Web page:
Wednesday, 11 January 2012

Day by Day

This familiar song from the musical “Godspell” uses a great phrase:

Day by day, 
Day by day, 
Oh dear Lord,
Three things I pray:
To see thee more clearly, 
Love thee more dearly
Follow thee more nearly, 
Day by day.

The phrase has a pleasing rhythm when you say it out loud, “day by day, day by day, day by day”; it’s calming, like a rocking chair’s back and forth motion. 

Three things about a day-by-day view of life attract me and give me hope. 
First, there is the rocking chair calm, the comfort from routine, the peace that comes from repeated ritual, the ease that emerges from disciplined practices. Personal wholeness sprouts, grows and blooms very gradually. A deepening spiritual life is lived bit by bit.

Secondly, we can live our individual lives as the unique free agents we are and yet maintain life-giving connection with each other and with God as co-workers and companions day by day. The idea shows up long before "Godspell" in the bible book called The Acts of the Apostles, a history of the first Christians. There, Acts 2: 46-47 reads that “day by day” the Jesus-followers got together, to eat and talk and pray, while at the same time “day by day”, the God they knew through Jesus made surprising things happen. 
As the new United Church creed states “We are not alone; we live in God’s world”. God, too, is active within human life day by day.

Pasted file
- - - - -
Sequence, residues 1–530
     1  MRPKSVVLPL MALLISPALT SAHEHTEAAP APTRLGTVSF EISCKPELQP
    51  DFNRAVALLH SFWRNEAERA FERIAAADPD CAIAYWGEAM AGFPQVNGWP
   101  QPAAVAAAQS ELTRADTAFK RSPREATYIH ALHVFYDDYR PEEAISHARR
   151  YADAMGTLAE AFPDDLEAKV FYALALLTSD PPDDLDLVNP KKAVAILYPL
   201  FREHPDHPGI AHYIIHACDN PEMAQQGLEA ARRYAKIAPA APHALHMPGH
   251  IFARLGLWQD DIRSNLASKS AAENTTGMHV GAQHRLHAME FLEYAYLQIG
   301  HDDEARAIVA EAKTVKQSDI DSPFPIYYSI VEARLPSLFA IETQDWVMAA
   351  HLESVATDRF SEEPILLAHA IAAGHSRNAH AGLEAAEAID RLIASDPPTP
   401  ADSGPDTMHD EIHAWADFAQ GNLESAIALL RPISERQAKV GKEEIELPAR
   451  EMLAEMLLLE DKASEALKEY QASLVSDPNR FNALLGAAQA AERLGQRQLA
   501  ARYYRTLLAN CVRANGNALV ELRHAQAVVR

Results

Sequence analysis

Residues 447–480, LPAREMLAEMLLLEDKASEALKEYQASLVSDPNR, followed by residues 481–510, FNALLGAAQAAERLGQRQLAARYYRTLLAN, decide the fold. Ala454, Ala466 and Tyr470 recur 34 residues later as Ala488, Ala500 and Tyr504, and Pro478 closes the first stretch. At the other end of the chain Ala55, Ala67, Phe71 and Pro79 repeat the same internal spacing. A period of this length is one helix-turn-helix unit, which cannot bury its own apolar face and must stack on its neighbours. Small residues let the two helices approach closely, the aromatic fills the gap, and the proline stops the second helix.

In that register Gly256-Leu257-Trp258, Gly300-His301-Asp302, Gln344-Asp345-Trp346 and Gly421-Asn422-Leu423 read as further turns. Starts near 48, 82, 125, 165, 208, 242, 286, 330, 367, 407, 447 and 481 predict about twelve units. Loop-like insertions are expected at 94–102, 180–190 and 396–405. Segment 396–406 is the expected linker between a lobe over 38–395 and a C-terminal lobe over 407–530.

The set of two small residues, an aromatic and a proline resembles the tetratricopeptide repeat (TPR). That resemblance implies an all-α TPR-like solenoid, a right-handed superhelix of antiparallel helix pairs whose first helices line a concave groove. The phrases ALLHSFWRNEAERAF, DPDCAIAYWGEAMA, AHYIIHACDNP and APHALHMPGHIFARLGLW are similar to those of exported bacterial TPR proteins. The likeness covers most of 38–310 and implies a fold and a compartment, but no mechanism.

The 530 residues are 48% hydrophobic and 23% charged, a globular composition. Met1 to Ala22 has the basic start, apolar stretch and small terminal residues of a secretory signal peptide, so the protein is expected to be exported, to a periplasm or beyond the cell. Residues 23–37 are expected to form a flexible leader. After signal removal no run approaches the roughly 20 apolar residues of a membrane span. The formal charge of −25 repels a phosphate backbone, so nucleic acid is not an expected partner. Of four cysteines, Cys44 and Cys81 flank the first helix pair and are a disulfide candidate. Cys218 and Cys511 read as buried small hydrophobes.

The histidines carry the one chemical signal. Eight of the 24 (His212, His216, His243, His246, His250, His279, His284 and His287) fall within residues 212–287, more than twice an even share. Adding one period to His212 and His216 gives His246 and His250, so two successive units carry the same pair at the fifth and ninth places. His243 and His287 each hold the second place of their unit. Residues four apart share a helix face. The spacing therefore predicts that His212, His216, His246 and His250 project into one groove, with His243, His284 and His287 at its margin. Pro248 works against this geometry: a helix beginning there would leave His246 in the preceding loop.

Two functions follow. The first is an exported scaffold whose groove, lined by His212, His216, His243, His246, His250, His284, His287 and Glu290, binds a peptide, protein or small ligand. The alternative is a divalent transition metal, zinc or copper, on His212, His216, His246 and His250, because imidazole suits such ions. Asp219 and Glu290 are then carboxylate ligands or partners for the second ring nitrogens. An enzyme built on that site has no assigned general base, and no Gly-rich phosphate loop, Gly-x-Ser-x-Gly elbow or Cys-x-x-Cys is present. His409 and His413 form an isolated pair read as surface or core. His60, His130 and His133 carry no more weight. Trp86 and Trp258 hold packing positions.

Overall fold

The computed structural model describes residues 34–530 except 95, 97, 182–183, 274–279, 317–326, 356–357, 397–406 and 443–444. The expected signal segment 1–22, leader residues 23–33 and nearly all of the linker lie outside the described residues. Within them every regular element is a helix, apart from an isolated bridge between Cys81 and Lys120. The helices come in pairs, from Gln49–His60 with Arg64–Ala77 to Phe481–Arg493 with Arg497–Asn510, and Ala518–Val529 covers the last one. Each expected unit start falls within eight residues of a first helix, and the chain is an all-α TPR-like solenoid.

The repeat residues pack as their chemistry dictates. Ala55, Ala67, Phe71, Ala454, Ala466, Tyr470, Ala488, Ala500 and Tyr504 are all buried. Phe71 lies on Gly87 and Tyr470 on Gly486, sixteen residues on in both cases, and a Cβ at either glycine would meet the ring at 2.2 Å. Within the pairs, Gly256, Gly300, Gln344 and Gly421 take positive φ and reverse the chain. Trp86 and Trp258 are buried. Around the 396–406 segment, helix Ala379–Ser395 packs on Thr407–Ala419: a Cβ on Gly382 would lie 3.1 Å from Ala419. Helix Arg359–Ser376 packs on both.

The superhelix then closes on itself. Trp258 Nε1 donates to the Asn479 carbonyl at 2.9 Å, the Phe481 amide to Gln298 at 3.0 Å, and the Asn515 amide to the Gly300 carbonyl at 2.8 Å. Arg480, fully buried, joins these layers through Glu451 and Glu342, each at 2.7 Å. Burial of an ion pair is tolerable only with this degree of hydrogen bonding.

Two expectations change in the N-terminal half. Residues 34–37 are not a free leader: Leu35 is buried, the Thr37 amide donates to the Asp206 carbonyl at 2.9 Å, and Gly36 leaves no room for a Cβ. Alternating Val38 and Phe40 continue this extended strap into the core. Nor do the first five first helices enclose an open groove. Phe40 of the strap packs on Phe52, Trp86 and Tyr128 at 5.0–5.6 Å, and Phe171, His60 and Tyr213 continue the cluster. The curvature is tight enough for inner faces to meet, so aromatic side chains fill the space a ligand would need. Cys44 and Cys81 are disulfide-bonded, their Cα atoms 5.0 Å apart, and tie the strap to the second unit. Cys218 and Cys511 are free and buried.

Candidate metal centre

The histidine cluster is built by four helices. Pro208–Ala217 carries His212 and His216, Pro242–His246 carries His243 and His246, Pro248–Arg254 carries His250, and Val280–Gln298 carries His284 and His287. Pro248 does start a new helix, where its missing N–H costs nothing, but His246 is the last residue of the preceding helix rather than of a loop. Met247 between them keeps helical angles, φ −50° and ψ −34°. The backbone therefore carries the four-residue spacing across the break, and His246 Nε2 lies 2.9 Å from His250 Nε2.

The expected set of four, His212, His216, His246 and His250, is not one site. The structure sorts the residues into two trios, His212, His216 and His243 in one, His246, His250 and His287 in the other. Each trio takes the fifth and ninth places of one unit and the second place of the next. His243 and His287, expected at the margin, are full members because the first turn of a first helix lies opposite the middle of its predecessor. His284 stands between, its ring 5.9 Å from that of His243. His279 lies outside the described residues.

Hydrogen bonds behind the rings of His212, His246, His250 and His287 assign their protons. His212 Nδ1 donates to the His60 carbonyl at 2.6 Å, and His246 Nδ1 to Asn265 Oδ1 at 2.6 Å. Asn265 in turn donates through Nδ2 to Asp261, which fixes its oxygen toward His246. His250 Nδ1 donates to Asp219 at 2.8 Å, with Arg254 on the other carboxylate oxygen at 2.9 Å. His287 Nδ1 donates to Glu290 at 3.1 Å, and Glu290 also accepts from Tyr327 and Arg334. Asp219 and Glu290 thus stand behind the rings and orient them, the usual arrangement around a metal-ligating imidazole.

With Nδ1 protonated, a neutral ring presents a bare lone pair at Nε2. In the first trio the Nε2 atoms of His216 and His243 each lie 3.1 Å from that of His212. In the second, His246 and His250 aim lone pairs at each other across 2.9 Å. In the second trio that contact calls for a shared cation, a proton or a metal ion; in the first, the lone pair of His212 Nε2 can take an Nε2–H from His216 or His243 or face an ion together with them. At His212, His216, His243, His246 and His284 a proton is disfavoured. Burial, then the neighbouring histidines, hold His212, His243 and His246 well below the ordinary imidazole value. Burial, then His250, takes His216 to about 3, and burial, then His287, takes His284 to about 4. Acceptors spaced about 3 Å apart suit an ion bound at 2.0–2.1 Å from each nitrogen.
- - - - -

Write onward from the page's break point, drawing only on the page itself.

Sometimes it appears that the Spirit sweeps into global history as with the fall of the Berlin wall or the end of South African apartheid or recently during Arab Spring. 
More frequently God’s active presence plays out for each of us in varied and personal ways, intimate moments that we can sometimes share, if not fully explain. History offers thousands of specific examples, first-hand testimonies about personal interactions with the Divine One throughout the centuries from Abraham to Desmond Tutu.

Thirdly, our phrase describes the only way life can be lived, much as we regret or long for the past, and worry about the future. Giving up our delusion of control can bring exhilarating freedom for making the most of this one day, today. Day by day we make our choices and day by day, like the crazy woman who lives inside my GPS, we have another chance for “recalculating”.

Here's the original source for the "Godspell" lyrics:
Richard of Chichester, 13th century: 

Most merciful Redeemer, Friend and Brother,
may we know you more clearly,
love you more dearly,
and follow you more nearly,
day by day.